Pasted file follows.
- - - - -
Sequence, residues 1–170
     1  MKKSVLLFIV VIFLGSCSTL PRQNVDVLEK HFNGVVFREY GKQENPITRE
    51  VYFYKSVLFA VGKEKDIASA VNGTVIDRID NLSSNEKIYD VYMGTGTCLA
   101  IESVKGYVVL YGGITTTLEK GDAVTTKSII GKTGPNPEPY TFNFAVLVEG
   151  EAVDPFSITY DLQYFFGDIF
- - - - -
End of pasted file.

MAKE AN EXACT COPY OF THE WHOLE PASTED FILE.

Sequence, residues 1–170
     1  MKKSVLLFIV VIFLGSCSTL PRQNVDVLEK HFNGVVFREY GKQENPITRE
    51  VYFYKSVLFA VGKEKDIASA VNGTVIDRID NLSSNEKIYD VYMGTGTCLA
   101  IESVKGYVVL YGGITTTLEK GDAVTTKSII GKTGPNPEPY TFNFAVLVEG
   151  EAVDPFSITY DLQYFFGDIF